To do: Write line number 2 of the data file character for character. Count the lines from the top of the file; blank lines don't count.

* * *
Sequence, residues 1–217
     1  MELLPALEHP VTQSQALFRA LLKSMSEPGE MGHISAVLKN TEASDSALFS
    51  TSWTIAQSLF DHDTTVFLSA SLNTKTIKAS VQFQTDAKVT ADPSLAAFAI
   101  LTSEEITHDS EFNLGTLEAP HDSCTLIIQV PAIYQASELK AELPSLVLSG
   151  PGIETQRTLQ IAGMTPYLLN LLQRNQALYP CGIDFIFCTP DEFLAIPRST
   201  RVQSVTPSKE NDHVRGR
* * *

     1  MELLPALEHP VTQSQALFRA LLKSMSEPGE MGHISAVLKN TEASDSALFS